My back blade mount is wider than the clearance between my tires, I looked into that option.  I may just have to do some cutting and welding on the back blade.



--
New tractor guy, long time lurker.  Even longer tinkerer.
Yanmar Ke-3D(tore down front end waiting for parts from Japan)

Family of 5, saved by grace 
HartWater North Idaho Homestead


Scotty
 

I think you mean "inboard" rather than "inbound", but the chains don't need to be on the inboard side. You can achieve good side sway stability - and protect the tires - with the chains chains either outboard or inboard.  In fact, having the chains on the outboard side is the preferred way as long as the chains themselves don't foul the tires.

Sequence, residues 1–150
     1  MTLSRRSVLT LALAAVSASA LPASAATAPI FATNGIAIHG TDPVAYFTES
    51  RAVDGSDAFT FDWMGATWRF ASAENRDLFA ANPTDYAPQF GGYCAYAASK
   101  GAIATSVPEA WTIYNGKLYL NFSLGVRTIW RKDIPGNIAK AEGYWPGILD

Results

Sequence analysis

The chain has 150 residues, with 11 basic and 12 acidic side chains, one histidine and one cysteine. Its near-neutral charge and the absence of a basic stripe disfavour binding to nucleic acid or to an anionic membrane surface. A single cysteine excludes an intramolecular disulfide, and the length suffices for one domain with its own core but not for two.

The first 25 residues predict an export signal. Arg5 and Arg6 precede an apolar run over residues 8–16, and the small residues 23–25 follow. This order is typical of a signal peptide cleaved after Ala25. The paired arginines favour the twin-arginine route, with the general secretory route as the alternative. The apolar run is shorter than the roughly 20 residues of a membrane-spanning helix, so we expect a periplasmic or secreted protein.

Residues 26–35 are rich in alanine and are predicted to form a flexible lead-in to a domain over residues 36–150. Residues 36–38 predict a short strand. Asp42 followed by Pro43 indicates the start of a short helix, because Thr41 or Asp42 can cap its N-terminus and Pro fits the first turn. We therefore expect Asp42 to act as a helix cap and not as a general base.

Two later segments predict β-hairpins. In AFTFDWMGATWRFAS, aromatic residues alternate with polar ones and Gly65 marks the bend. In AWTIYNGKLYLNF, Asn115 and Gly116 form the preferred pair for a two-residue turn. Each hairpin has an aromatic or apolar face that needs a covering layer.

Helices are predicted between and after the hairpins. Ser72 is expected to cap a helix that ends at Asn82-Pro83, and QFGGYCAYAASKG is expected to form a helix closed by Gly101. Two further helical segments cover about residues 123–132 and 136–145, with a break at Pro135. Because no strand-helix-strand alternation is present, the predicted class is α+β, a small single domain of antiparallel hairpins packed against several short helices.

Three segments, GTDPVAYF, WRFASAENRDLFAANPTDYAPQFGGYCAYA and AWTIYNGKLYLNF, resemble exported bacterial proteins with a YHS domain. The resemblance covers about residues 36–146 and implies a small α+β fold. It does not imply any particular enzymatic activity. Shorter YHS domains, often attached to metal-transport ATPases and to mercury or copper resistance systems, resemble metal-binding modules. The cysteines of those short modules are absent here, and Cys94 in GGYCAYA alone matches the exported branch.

An alternative to chains as "side sway preventers" is to use telescoping steel square tubing with pins that drop to lock the length into position. Your best 3pt hitches once used that method and some manufacturers still offer it as a step up option. More rigid and faster too. 

Here's another trick: If you look at the top link and the leveling rods (RH and LH) in that illustration, you will see that both the top link and the RH leveling rods adjust their length by using threaded rods into that screw into what is basically a long cylindrical threaded nut with handles on both sides.

Instead of the threaded rods and cylindrical nut, the very best of the manual 3pt hitches used a right angle gear drive with a folding handle to adjust the leveling rods and the top link for length. You might have seen something similar on some European sports cars of that era. Their tire jack plugged into a hole in the frame and then used a right angle drive handle to quickly raise the tire. Mercedes was that way... maybe Volvo too.  I once welded up a set of crude leveling rods made up a set out of a couple of old sports car jacks. Looked terrible; worked fine.